The annual Cherry Blossom Festival in Denver is a celebration of Japanese culture. The festival takes place June 22 at Sakura Square, Lawrence Street between 19th and 20th Streets in Denver. Courtesy

Nearly 50 years ago, a number of members of the Denver Buddhist Temple were worried about the area around the church.

They’d been told by city officials that the area was a blight, and they had plans to redevelop it. While the members wanted the area to look better, they didn’t want the city to come in and change the downtown neighborhood they loved so dearly.

So they began to put their heads together to think of a way to improve the situation, as well as get information out about the temple.

Thus, the first-ever Cherry Blossom Festival was held in the early 1970s.

“They learned quickly that if you have food, people will flock to your event,” said Stacey Shigaya, spokeswoman for the festival.

For 47 years, those in the know in Denver have headed to the small strip on Lawrence Street to attend the two-day festival. Every year, it’s continued to grow, bringing in hundreds of locals and tourists interested in learning more about Japanese culture and the Buddhist faith.

This year is no different.

The annual festival will take place June 22 and June 23 on Lawrence Street in the Sakura Square portion of downtown Denver.

Admission to the festival is free, but for those who might need cash, there will be an ATM inside the Buddhist temple.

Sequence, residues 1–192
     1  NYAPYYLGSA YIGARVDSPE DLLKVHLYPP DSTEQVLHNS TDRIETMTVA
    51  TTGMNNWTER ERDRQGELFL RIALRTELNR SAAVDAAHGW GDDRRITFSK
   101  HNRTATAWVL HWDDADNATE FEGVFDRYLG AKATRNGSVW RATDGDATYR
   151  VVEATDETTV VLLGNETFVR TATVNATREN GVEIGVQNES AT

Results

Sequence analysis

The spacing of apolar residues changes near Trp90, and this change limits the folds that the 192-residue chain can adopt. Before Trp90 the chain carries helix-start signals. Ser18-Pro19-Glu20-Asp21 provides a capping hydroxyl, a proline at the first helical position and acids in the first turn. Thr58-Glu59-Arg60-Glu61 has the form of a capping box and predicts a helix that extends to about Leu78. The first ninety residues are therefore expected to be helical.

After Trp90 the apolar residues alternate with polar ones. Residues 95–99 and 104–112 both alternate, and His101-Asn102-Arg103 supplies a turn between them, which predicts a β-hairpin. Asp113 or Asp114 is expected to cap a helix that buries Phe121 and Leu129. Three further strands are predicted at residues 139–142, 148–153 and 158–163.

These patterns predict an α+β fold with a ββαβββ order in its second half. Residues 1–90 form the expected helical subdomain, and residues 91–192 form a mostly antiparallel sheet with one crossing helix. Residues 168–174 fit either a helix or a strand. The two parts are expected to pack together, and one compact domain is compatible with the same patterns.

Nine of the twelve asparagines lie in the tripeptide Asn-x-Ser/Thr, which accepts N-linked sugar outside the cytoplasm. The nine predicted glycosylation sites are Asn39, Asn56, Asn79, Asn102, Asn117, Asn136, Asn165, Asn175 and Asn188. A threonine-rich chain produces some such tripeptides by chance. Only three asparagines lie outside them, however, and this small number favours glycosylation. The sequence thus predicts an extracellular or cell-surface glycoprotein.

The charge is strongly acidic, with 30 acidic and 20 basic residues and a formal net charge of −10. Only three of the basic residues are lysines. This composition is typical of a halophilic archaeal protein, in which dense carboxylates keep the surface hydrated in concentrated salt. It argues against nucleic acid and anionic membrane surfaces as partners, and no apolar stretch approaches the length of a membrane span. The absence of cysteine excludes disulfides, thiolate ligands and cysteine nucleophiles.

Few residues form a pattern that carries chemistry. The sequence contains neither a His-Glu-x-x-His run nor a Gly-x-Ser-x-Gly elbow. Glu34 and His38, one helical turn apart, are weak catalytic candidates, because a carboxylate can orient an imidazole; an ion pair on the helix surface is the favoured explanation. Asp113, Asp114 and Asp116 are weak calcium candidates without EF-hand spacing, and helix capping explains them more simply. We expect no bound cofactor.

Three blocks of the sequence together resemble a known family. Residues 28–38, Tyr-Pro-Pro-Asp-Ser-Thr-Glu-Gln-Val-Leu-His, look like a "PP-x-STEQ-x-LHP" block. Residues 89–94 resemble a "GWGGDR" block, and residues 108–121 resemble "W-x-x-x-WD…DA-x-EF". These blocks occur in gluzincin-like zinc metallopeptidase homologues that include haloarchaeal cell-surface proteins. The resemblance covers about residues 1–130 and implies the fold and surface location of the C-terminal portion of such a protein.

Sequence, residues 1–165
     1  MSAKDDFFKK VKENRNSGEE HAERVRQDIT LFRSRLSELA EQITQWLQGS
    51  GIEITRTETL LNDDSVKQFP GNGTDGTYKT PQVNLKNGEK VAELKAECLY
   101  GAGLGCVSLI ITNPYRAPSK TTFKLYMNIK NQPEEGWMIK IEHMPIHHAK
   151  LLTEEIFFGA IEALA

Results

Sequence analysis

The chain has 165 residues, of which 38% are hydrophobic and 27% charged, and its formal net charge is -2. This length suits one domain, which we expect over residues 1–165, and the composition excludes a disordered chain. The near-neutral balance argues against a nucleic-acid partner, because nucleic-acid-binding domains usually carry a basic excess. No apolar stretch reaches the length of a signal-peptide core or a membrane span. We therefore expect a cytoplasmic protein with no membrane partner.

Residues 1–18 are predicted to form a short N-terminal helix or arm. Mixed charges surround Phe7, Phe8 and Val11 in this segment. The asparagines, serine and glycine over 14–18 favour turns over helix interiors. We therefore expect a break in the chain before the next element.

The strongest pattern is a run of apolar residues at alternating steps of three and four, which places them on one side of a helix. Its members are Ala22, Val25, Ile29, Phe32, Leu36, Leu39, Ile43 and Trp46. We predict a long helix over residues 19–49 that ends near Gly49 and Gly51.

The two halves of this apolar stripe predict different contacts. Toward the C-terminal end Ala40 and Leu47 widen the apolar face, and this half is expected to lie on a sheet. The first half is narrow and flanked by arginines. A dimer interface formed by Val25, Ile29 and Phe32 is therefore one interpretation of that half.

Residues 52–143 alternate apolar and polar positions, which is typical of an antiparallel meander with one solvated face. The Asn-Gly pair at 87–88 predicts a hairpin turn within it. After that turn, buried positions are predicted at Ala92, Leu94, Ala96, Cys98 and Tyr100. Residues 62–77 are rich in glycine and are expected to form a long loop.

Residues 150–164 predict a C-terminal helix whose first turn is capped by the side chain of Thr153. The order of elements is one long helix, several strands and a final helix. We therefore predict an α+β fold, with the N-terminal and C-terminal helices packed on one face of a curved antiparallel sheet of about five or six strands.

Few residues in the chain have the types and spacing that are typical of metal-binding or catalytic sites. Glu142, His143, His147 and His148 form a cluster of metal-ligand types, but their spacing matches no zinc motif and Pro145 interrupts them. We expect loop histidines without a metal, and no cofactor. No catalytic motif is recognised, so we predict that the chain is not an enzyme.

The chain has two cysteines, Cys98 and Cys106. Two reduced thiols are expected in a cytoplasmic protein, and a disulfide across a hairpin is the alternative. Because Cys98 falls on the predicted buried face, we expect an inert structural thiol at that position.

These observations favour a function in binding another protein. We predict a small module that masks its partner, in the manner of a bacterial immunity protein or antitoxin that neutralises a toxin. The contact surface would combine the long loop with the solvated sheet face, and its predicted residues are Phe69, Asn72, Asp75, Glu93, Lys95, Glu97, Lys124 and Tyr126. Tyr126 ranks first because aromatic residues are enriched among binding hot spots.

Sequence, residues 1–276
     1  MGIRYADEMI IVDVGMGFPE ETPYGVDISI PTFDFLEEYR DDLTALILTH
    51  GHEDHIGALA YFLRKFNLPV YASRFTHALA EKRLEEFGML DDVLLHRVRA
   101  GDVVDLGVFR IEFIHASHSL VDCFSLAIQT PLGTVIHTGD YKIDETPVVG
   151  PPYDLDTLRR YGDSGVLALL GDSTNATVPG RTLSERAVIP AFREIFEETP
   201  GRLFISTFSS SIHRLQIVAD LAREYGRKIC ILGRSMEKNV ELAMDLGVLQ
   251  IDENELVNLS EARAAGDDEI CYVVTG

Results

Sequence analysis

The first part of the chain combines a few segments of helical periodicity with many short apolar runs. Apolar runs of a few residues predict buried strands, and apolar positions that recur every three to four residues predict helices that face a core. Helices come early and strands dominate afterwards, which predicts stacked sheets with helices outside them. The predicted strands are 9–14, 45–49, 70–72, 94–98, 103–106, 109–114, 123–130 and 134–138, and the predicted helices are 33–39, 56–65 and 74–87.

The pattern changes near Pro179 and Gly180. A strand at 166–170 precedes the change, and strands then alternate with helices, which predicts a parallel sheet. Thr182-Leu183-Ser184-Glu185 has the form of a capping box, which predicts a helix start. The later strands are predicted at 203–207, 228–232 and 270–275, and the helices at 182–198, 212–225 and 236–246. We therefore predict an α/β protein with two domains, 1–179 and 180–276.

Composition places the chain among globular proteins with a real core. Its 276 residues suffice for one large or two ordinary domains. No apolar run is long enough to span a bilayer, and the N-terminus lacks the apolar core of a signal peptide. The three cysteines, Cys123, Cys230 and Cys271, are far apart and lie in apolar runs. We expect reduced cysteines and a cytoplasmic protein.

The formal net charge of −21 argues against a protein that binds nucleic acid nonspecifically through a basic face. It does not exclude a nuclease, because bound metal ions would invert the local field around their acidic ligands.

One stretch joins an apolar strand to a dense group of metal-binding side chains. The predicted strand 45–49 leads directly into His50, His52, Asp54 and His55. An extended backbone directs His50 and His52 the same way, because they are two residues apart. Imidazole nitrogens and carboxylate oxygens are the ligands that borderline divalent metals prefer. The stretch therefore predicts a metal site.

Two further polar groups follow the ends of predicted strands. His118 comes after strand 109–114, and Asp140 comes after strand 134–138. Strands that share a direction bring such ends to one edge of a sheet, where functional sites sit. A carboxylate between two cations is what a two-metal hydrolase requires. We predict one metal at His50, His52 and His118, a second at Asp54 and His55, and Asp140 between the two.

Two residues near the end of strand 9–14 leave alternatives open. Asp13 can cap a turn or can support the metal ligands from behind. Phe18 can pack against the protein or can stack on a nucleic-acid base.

“We have a small but mighty Japanese population in Denver,” Shigaya said. “It’s definitely not as massive as places like Los Angeles or New York City, but we definitely have people here who are incredibly proud of their culture and their history.”

Shigaya noted that while the event is themed around Japanese food and entertainment, the organizers make sure to explain what certain events and food items are for those who might not be as well-versed in the culture as others.

One of the major draws every year at the festival is the delicious food, most of which is prepared by either temple members or volunteers who work with the festival. A definite favorite is the teriyaki dishes, especially the chicken ones. However, options like Spam musubi (a Hawaiian-inspired snack where Spam is marinated in teriyaki and served on a bed of rice wrapped in seaweed), gyoza (Japanese dumplings made with pork and vegetables) or mochi manju (sweet bean paste with sweet mochi rice) are worth trying, as well. Alcohol like beer and sake will also be for sale inside the temple.

As for entertainment, both days will be packed with performers. A major attraction at all of the festivals has been taiko, a Japanese-style of drumming. There will also be dancers, demonstrations of various styles of martial arts (mainly karate, judo and akido), a tea ceremony, singing and even a cosplay contest for those interested in anime.

Shigaya recommended that for anyone who hasn’t been to the festival before, they need to check out the temple, especially the downstairs area, where a number of vendors will be stationed.

“This festival is so much fun, and has been going strong for nearly 50 years,” she said. “I think people should come out, find a recipe they like made by one of the temple members and try it. Talk with some temple members and learn more about another culture. It’s a lot of fun, but it’s also a great chance to expand your horizons about the world around you.

“There’s this little pocket down here that not everyone knows about, but they should. It’s really special.”

Ellen Fike is the Wyoming Tribune Eagle’s features editor. She can be reached at 307-633-3135 or efike@wyomingnews.com. Follow her on Twitter at @EllenLFike.

Ellen Fike is the Wyoming Tribune Eagle’s features editor. She can be reached at efike@wyomingnews.com or 307-633-3135. Follow her on Twitter @EllenLFike

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